Isaiah 49:14
But Zion said, The LORD hath forsaken me, and my Lord hath forgotten me.
Jump to: BarnesBensonBICalvinCambridgeClarkeDarbyEllicottExpositor'sExp DctGaebeleinGSBGillGrayGuzikHaydockHastingsHomileticsJFBKDKellyKingLangeMacLarenMHCMHCWParkerPoolePulpitSermonSCOTeedTTBWESTSK
(14) But Zion said . . .—In the midst of all that Jehovah was doing for his people they were still showing their little faith, and thinking of themselves as forsaken. They shared the misgivings which were felt even by the Servant, but they did not rise out of them as quickly as He did into the full assurance of faith.

Isaiah 49:14. But Zion said, &c. — This is an objection against all these glorious predictions and promises. How can these things be true when the condition of God’s church is now so sad and desperate? Most commentators understand by Zion here, the Jewish Church, and suppose that the complaint which she is here represented as uttering, refers either to her desolate state when in Babylon, or to the time of her long dispersion and desolation in the days of the Messiah. But Vitringa is of opinion that the Christian Church is rather intended, and that the time referred to is that of her cruel persecution under the Romans. Be it which it may, God here declares that he will show her mercy, and destroy her mighty oppressors, Isaiah 49:24-26.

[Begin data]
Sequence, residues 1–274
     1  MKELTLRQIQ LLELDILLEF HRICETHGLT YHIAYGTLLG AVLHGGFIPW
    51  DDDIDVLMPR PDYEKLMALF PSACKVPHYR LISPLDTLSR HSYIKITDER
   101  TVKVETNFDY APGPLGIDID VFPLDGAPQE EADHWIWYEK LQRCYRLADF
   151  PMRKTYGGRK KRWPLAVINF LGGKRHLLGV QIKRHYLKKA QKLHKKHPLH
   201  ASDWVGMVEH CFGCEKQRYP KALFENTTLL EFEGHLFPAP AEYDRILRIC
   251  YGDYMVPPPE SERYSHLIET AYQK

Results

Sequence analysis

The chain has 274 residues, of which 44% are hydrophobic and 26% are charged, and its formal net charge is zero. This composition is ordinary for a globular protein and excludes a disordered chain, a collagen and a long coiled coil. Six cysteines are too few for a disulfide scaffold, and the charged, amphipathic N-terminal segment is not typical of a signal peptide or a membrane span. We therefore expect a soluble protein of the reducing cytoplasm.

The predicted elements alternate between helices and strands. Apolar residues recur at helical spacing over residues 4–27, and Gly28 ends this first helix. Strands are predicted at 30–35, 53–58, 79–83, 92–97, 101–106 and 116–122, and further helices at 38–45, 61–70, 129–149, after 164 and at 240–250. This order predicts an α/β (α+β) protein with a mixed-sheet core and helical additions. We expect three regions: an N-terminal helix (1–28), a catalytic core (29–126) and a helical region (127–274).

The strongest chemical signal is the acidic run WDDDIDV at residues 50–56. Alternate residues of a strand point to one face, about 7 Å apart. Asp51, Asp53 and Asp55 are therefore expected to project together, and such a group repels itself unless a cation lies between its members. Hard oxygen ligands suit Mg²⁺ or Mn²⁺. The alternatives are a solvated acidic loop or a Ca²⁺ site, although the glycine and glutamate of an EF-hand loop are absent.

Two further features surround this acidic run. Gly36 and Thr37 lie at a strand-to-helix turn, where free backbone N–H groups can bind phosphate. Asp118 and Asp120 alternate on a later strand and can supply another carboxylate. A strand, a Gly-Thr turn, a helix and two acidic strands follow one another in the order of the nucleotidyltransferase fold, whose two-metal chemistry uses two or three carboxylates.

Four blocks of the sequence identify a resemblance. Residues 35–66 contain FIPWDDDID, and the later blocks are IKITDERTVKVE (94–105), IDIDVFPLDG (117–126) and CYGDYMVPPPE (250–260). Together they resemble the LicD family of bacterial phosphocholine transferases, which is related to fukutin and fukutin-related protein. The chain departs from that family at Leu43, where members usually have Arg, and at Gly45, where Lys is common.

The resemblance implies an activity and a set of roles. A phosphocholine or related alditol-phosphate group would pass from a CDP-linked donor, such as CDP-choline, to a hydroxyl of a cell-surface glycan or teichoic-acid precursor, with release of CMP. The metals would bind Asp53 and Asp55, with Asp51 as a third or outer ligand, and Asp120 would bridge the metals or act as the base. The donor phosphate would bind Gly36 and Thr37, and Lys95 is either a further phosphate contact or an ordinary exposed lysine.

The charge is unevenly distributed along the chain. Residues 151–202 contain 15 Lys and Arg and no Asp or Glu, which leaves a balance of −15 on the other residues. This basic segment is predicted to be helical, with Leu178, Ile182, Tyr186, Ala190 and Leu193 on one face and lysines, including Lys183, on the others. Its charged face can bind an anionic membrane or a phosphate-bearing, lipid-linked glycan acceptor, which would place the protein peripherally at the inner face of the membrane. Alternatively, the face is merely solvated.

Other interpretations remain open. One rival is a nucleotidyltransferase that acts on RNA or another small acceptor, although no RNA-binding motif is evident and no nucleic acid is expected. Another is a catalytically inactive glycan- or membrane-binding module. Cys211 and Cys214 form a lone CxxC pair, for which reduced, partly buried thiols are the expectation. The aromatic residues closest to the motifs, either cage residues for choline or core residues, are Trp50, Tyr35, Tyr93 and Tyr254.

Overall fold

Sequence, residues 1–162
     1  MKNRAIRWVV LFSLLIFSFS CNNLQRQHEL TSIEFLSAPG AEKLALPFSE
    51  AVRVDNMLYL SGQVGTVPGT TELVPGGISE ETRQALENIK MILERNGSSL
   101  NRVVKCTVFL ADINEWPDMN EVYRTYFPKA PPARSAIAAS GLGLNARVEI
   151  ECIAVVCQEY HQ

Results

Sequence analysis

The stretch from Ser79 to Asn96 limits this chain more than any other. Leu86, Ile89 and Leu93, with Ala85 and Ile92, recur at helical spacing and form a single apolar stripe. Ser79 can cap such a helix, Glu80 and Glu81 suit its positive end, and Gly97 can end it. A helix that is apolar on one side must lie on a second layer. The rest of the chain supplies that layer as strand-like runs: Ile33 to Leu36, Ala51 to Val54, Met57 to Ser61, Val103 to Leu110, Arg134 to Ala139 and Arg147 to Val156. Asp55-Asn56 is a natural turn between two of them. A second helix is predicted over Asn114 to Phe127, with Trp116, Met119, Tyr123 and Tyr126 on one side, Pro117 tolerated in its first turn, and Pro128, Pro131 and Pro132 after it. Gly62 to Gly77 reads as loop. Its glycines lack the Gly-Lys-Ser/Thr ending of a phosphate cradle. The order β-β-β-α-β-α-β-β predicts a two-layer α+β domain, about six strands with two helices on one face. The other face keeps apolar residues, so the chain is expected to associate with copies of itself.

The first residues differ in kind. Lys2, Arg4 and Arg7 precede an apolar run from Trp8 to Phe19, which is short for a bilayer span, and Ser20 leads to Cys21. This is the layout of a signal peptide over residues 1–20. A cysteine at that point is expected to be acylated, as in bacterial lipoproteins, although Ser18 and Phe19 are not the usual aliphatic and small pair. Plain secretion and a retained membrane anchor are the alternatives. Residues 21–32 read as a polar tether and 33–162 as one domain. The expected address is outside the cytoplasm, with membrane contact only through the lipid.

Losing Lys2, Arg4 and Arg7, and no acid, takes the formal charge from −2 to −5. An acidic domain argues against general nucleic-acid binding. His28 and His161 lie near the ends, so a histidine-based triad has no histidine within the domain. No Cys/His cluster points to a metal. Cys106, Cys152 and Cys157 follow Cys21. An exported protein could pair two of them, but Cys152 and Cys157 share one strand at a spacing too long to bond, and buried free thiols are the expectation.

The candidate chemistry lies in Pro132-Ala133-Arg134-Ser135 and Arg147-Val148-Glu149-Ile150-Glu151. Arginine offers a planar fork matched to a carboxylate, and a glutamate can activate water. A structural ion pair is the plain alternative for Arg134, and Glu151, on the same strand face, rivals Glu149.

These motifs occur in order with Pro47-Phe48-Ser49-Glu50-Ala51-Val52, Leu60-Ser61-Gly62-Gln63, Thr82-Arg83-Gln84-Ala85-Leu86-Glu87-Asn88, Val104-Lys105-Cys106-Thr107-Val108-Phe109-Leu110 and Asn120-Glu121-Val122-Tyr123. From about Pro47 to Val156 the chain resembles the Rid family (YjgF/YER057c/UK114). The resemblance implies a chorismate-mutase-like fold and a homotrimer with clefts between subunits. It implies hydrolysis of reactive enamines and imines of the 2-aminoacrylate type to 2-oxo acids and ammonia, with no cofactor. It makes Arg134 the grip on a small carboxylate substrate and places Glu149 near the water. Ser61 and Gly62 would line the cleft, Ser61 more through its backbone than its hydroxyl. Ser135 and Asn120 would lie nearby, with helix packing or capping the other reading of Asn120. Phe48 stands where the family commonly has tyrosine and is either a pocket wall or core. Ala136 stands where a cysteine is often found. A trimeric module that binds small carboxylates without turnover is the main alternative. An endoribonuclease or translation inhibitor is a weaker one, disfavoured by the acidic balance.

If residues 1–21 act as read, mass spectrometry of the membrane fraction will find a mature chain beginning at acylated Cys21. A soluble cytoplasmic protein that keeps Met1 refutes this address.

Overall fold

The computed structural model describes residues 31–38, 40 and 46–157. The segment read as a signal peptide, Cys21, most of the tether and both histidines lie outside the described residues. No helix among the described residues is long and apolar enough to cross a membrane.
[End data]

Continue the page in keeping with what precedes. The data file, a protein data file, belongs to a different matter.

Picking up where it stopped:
49:13-17 Let there be universal joy, for God will have mercy upon the afflicted, because of his compassion; upon his afflicted, because of his covenant. We have no more reason to question his promise and grace, than we have to question his providence and justice. Be assured that God has a tender affection for his church and people; he would not have them to be discouraged. Some mothers do neglect their children; but God's compassions to his people, infinitely exceed those of the tenderest parents toward their children. His setting them as a mark on his hand, or a seal upon his arm, denotes his being ever mindful of them. As far as we have scriptural evidence that we belong to his ransomed flock, we may be sure that he will never forsake us. Let us then give diligence to make our calling and election sure, and rejoice in the hope and glory of God.But Zion said - On the word 'Zion,' see the note at Isaiah 1:8. The language here is that of complaint, and expresses the deep feeling of the people of God amidst many calamities, afflictions, and trials. It may be applicable to the exile Jews in Babylon during their long captivity, as if God had forsaken them; or to those who were waiting for the coming of the Messiah, and who were sighing for the divine interposition under him to restore the beauty of Zion, and to extend his kingdom; or in general, to the church when wickedness triumphs in a community, and when God seems to have forsaken Zion, and to have forgotten its interests. The language here was suggested, doubtless, by a view of the desolations of Jerusalem and Judea, and of the long and painful captivity in Babylon; but it is general, and is applicable to the people of God, in all times of similar oppression and distress. The object of the prophet is to furnish the assurance that, whatever might be the trials and the sufferings of his people, God had not forgotten them, and he neither could nor would forsake them. For this purpose, he makes use of two most striking and forcible arguments Isaiah 49:15-16, to show in the strongest possible manner that the interests of his people were safe. 14. Zion—the literal Israel's complaint, as if God had forsaken her in the Babylonian captivity; also in their dispersion previous to their future restoration; thereby God's mercy shall be called forth (Isa 63:15-19; Ps 77:9, 10; 102:17). This is an objection against all these glorious predictions and promises hitherto mentioned. How can these things be true, when the condition of God’s church is now so sad and desperate? as it was when the Jews were captives in Babylon, in which the prophet here supposeth them to be.